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Gorgeous bamboo gridshell combines Cambodian design with mathematical forms

Desert Rain House in Oregon is one of the greenest homes in the world

February 10, 2017 by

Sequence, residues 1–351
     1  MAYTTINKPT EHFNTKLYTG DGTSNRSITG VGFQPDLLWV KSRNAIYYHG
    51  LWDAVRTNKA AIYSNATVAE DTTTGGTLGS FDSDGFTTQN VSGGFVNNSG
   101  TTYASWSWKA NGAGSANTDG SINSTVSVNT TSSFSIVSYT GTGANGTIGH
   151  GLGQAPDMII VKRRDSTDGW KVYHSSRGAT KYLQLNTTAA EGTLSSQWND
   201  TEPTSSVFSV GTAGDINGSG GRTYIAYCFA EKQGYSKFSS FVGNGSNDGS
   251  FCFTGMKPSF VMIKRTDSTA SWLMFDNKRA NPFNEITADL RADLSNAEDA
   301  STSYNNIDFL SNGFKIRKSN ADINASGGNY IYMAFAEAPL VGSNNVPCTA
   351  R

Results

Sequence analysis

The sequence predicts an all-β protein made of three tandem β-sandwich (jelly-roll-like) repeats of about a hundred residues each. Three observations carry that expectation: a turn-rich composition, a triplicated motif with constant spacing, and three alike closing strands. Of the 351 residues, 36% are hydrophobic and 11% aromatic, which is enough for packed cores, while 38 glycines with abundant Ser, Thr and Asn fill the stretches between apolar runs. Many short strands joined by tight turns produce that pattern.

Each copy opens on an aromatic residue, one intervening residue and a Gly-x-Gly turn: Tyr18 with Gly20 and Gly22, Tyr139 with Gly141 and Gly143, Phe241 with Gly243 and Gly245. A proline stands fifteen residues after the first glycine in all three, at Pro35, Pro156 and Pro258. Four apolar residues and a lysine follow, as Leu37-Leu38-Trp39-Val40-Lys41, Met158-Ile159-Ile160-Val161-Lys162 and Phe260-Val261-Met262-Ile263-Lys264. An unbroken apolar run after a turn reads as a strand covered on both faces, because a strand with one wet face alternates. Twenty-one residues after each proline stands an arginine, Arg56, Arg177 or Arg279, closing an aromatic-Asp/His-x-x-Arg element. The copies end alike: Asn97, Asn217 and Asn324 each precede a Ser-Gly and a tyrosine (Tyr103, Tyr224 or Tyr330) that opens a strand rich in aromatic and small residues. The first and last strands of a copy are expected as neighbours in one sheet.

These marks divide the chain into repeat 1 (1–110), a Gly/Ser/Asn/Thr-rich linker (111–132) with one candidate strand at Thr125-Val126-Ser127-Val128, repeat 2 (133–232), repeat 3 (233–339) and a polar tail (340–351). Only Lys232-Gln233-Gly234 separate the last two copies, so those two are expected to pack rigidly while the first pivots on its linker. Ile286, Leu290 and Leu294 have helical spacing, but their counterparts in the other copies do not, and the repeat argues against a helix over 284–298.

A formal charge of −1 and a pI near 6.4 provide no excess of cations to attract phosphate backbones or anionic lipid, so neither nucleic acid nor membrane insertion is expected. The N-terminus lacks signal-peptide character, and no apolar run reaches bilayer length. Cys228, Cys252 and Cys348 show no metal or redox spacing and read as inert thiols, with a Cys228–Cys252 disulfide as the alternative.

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There’s a new contender for the world’s greenest home: Desert Rain House in Bend, Oregon . Designed by Tozer Design , the LEED Platinum home recycles all its water, produces more power than it can use, and it is the first residential compound to be certified by the Living Building Challenge . Solar panels and a rainwater collection cistern help this super green home pioneer a new paradigm for sustainable family living. The five-building Desert Rain House boasts seriously environmentally friendly features. Human waste is composted thanks to a central composting system, and greywater is reused for irrigation via a constructed wetland. Natural and local materials comprise the elegant dwellings; reclaimed lumber and plaster made with local clay, sand, and straw are among the sustainable building materials utilized. Related: Kansas University students build net-zero home with LEED Platinum and Passive House certification Materials from old buildings that once occupied the site were repurposed for Desert Rain House, such as old stone salvaged from old foundations and used in concrete for patios. The team that built the home looked for ways to reduce their carbon footprint as much as possible. For example, instead of having a manufacturer ship them roofing panels, the team assembled roofing onsite from a large roll of steel. Red List-compliant sealants and finishes also make for a non-toxic environment. Indoors the air is clear: not only can the owners open large windows for air circulation, but a waste heat-capturing energy recovery ventilator also means fresh air continually wafts through the main residence. Three homes and two out-buildings add up to 4,810 square feet situated on 0.7 acres. Elliott Scott, who owns the home with his wife Barbara, said in a statement, “We can’t continue thinking we are building a better world by making a ‘less bad’ version of the world we have created. The Living Building Challenge forces us to think in terms of a new paradigm.” + Tozer Design + Desert Rain House Via International Living Future Institute and Curbed Images via Desert Rain House Facebook and Desert Rain House